In the Torah’s vision of Sinai’s covenant liturgy, this affirmation takes center stage. Moses neither yields to God’s instructions to remain silent nor accepts God’s decision to move into the future without these people. Instead, he dares to believe that at this critical juncture between the judgment announced and its actualization, faith requires that he challenge God with a “loyal opposition.” Moses will not give up on the people God has entrusted to his leadership, even though their sinfulness deserves divine judgement. Instead, he stands before God as an advocate for those who have clearly failed to live up to God’s expectations. He will not simply accept that God’s decision to judge the people is unalterable and impervious to challenge or change. Instead, he questionsGod, believing that in a genuine covenant relationship, even divine decisions can be reimagined, rethought, recalculated. He will not believe that the future of a people called by God is recalculated. He will not believe that the future of a people called by God is determined exclusively by human weakness and incapacity. Instead, he prays in the firm conviction that the future remains ever open to God’s relentless commitment to love the unlovable, to forgive theundeserving, and to create out of human failure new possibilities for realizing ultimate objectives. (146)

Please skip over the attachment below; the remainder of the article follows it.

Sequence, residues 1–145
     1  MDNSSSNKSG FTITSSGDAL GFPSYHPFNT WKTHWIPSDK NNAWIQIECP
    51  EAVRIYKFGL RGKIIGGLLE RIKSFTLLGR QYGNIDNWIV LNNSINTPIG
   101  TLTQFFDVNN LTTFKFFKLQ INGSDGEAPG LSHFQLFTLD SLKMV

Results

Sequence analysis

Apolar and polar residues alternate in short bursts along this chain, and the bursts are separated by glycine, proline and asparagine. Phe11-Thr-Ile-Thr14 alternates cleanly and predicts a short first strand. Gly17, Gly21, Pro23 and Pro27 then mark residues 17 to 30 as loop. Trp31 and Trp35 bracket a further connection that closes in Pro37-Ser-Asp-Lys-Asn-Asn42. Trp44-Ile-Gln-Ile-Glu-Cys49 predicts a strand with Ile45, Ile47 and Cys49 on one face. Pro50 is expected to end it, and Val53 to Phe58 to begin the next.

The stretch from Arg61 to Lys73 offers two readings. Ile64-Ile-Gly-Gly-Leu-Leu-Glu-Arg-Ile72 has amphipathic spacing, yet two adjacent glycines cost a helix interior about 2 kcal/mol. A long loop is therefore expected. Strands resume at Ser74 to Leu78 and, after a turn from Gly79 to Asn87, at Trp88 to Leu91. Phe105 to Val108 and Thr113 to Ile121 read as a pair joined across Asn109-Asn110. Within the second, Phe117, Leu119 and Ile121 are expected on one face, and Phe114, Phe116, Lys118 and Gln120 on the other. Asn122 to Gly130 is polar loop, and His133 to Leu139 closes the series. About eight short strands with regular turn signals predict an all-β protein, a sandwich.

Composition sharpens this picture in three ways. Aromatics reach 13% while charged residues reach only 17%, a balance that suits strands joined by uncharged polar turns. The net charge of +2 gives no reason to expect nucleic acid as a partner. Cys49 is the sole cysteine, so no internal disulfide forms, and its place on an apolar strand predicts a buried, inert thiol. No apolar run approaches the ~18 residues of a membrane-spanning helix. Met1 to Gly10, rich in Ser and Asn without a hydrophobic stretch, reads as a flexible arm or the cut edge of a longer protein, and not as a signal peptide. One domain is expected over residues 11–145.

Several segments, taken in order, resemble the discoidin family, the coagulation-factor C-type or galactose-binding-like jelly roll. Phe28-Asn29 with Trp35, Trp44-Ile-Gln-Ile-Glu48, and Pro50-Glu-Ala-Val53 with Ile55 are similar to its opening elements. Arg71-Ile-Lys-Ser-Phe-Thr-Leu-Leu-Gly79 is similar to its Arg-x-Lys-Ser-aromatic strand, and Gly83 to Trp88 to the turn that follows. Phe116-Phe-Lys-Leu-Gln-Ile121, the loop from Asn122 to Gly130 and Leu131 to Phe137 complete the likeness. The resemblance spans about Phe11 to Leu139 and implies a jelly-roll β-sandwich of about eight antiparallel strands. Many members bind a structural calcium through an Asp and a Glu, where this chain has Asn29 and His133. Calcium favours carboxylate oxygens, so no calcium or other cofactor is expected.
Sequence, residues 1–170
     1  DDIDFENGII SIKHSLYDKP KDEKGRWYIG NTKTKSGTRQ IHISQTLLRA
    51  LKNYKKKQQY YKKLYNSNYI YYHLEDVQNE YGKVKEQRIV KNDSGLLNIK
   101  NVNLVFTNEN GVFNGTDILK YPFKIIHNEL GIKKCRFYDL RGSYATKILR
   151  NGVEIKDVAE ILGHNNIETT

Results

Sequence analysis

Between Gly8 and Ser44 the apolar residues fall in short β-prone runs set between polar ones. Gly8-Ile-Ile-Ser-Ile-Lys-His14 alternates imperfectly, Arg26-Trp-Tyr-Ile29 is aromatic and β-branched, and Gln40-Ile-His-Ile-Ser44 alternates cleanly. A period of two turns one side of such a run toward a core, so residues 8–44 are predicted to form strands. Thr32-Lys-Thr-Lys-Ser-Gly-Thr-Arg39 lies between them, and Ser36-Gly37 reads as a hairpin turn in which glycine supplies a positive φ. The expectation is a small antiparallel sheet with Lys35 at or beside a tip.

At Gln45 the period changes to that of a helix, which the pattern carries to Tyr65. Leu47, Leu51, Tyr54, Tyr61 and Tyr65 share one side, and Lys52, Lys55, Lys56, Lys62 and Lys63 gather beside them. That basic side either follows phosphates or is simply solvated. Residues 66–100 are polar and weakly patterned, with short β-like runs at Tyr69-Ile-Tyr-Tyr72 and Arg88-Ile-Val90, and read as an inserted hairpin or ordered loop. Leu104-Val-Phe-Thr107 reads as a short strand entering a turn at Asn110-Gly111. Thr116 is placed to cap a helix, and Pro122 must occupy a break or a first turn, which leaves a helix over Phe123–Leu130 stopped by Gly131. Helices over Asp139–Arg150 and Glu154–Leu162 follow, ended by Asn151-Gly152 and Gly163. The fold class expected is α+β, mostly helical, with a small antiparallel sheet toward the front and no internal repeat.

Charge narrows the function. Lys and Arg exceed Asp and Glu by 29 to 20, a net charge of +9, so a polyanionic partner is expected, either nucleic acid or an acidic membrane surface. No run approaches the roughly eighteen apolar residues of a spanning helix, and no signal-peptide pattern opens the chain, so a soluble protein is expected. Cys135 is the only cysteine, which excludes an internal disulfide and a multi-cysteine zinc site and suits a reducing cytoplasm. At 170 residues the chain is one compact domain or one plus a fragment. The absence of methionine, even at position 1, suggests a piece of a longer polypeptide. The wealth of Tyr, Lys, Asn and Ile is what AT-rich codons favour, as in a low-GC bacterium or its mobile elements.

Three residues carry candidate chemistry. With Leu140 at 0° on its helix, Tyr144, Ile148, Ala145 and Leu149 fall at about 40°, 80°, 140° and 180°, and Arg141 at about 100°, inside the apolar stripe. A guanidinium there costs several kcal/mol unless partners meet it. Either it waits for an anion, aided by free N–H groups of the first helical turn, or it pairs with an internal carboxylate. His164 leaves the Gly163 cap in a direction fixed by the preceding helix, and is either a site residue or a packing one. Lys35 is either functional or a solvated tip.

Theological articulations such as this have increased since the publication of Terence Fretheim’s Suffering of God, where this model of God was articulated so forcefully and persuasively. This quote is not altogether unique to most modern discussions of Exodus 32, I admit. What was new to me in reading Balentine here was the connection he made between this event in Exodus and that attribution of Psalm 90 to Moses.
At this critical juncture–when the Davidic monarchy seems to have failed, the steadfast love of God to have waned, and the future of Israel to hang in the balance [Book Three of the Psalter; cf. Ps 89.46, 49]–the Psalter’s Book IV (Psalms 90-106) summons the community of faith back to the memory of Moses. The superscription of Psalm 90 is the only one that bears the name of Moses, and seven of the eight references to Moses in the Psalms occur in Book IV. IT is this “Moses-book” that constitutes the “theological heart” of the Psalter. The pivotal memory of Psalm 90 is Moses’ intercession with God at Sinai (Exod. 32:11-14), its nucleus recalled in verse 13: “Turn O LORD! How long? Repent concerning your servants!” This plea–not the expressions of God’s consuming wrath thatpreceded it (Ps. 90:7, 9, 11)–provides the foundation for the petition in verse 14 that the future of this fragile people be secured by God’s relentless love (hesed). In the Psalter’s final ordering of the prayers of Israel, the memory of Moses’ daring petition at Sinai instructs the faithful to believe and to live as if the future does indeed belong to the Lord who “reigns” (cf. Pss. 93, 95-99), even in a sinful and conflicted world. (147)